Chapelle’s Show: Season 1

Chapelle’s Show: Season 1 (2003)
Paramount Home Video
Extras: Commentary Track, Bloopers, Deleted Scenes, Interview

A match for Comedy Central’s other show – "South Park" for controversy and pushing boundaries on cable, "Chapelle’s Show" maiden season makes an appearance in the form of a 2-disc box set. If Richard Pryor were given his own sketch comedy show, it’d probably look a lot like this. And be warned, Chapelle pulls no punches, testing censorship limits, current taboos, and exploring racial, sexual, and economic issues about as far as the FCC currently allows. Add to that the word "Uncensored" on the box set, and you’ll hear – and see what you couldn’t during its TV airings.

The box set consists of 12 episodes, each with 3-4 comedy sketches per show. Episodes range from satirical looks at well known productions like "Roots", "The Real World", "The Matrix", and "Trading Spouses", to original efforts detailing the biography of a white supremacist, a crack addict and his anti-drug message, and a NFL films style piece titled "Great Moments in Hookup History". Dave Chapelle also features an occasional musical guest, such as Mos Def, who raps to a beat in a car with Chapelle driving. Other guests make acting appearances include members of Wu Tang Clan, Rockafella CEO Damon Dash, and Redman. From the intro music to some of the skits, guests, and themes, it has a definite hip-hop feel to it. Again, even though this series is technically "Not Rated", it’s a definite "R" here with the bleeps removed on the DVD’s.

The DVD’s are presented in Full screen (TV ratio) format, with some sketches <$PS,letterboxed> for movie effect, and it is a fantastic print. Shot on high-quality digital video, and transferred to DVD, there are zero artifacts, the colors come across especially vibrant and rich, and the picture quality is very sharp – it just looks great.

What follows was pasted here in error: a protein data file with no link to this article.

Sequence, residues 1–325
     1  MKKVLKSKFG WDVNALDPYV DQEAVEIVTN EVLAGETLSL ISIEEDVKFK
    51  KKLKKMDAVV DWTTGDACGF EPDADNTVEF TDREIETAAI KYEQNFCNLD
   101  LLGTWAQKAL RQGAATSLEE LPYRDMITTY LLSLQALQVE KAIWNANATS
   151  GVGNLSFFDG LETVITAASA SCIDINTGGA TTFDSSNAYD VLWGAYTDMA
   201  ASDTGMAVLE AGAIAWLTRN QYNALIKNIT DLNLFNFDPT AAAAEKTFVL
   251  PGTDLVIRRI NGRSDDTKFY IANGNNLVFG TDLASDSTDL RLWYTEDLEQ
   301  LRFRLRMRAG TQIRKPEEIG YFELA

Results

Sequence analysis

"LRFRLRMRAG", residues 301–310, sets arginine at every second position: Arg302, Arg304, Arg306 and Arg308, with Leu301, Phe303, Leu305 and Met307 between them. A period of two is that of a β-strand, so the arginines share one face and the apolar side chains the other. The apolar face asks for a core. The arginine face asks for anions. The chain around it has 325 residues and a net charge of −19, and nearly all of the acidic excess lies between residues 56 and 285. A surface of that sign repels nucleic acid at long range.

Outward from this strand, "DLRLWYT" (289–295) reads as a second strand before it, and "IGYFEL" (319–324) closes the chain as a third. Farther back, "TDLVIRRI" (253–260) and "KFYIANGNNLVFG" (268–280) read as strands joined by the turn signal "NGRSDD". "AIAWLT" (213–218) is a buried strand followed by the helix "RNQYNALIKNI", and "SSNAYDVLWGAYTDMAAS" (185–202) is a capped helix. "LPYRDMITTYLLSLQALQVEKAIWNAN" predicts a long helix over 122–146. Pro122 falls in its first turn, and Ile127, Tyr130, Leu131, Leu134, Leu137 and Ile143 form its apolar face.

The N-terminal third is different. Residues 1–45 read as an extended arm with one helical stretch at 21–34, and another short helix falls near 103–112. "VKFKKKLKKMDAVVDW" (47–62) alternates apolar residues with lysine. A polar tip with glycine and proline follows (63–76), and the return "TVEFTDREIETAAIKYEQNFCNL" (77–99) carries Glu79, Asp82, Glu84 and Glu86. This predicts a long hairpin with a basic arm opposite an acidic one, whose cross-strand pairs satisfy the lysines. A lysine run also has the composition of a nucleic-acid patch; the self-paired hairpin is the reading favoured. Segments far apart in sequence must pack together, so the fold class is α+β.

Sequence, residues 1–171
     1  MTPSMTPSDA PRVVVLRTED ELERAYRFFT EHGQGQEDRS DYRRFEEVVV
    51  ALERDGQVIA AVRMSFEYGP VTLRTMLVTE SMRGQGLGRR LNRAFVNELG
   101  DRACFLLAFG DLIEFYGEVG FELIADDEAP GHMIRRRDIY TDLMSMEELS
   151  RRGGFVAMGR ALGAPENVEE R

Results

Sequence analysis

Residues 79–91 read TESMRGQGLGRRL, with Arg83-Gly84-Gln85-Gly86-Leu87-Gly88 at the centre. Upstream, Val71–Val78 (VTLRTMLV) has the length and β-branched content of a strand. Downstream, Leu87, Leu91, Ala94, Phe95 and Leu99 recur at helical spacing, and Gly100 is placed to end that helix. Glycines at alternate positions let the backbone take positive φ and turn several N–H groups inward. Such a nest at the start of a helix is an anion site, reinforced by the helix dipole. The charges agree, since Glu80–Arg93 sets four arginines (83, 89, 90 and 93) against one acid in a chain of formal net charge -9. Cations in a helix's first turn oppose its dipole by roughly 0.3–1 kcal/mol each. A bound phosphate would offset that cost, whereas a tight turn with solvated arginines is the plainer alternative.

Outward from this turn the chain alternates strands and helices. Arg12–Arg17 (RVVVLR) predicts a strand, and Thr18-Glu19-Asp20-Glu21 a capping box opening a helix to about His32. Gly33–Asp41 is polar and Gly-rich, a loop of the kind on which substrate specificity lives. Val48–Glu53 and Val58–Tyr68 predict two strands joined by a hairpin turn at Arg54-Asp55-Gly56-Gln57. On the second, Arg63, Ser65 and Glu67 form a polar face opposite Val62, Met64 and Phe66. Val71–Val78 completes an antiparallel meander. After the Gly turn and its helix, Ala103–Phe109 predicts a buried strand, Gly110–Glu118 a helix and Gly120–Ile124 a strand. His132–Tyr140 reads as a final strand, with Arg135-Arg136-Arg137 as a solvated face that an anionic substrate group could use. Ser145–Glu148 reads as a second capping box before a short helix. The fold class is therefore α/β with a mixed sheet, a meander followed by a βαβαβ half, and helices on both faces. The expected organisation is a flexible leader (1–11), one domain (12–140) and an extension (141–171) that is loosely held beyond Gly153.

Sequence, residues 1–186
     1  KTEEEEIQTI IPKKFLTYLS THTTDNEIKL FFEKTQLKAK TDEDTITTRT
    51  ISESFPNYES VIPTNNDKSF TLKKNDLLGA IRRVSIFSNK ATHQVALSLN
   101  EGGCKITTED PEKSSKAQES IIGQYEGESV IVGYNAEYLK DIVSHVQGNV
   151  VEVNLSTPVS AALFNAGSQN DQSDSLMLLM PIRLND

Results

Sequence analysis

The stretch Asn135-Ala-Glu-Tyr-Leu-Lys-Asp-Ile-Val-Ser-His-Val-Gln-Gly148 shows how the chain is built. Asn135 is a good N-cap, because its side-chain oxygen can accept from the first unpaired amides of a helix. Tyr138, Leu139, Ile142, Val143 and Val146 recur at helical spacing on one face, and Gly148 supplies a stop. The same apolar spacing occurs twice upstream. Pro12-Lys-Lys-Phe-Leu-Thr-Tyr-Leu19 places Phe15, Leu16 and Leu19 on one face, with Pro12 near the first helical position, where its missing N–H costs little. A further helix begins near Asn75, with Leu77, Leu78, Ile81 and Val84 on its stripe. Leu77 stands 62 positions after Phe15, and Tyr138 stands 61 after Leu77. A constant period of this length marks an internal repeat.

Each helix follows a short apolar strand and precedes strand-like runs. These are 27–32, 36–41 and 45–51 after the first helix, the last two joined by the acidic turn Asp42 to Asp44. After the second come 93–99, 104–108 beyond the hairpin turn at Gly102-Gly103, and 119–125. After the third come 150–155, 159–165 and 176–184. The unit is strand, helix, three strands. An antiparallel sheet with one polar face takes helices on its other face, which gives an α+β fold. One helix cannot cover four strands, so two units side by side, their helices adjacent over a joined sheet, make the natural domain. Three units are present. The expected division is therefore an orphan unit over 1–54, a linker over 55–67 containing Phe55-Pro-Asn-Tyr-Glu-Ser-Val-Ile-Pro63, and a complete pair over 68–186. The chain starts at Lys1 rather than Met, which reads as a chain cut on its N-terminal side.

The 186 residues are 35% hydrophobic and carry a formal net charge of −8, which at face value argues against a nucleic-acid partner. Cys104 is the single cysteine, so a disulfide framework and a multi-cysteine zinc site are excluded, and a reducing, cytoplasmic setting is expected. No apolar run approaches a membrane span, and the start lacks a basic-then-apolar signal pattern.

Sound is stereo, but again, better than expected. There is a surprising large amount of clarity and bass in the musical numbers and sound effects. The overall video and sound production of the series (I watch it live each week) is exceptional and seems to be even more enhanced for the DVD release.

The bonus material on the DVD set includes <$commentary,audio commentary> on five episodes from Dave Chapelle and co-creator Neal Brennan. Their back and forth is as candid and sometimes profane as the show itself, and you’ll find such tidbits such as the producers having a hard time getting a crowd for episodes early in the season, background on producing the sketches, and their favorite episodes and characters.

Another extra is an additional 29 minutes of bloopers and deleted scenes, also with commentary, which range from the forgotten line/mark to outrageous ad-libbing on set (See "Antwone Fisher (Spaghetti)") freestyle. Rounding out the list of extras is 20 minutes of unaired footage "Ask a Black Dude with Paul Mooney", a former writer of Richard Pryor, in which they probably could have used more of in the show during its season.

I did find it somewhat annoying that within an episode there are no chapters to speak of; you have to fast forward to get from the beginning to other parts of the show. This is common in other TV series released on DVD, but I still think chapter stops within episodes would be a good idea.

Fans of Eddie Murphy, Chris Rock, and especially Richard Pryor will love this series. While some of the shows contain quite a bit of low-brow humor (see "Blackzilla", "Great NY Boobs"), but it equally balances itself with sketches like "Ask a Black Dude", and "America’s most vicious white supremacist", and I’ll bet you’ll be laughing at some of the cruder stuff too. He’s bright, creative, honest, perceptive, and surprisingly affable.

The show is currently in season two, drawing huge ratings, and there are plenty of reasons why. With every season, there are hit and misses in terms of quality, and I found some episodes towards the end of the season lacking the humor and outrageousness that were in the beginning. But the beauty of spending $20 for 325+ minutes of content is that you’ll find plenty to like. It’s a great value, one of the most original and freshest shows on TV, and I can’t wait for season two. I’d highly recommend unless you shy away from more extreme types of humor/language.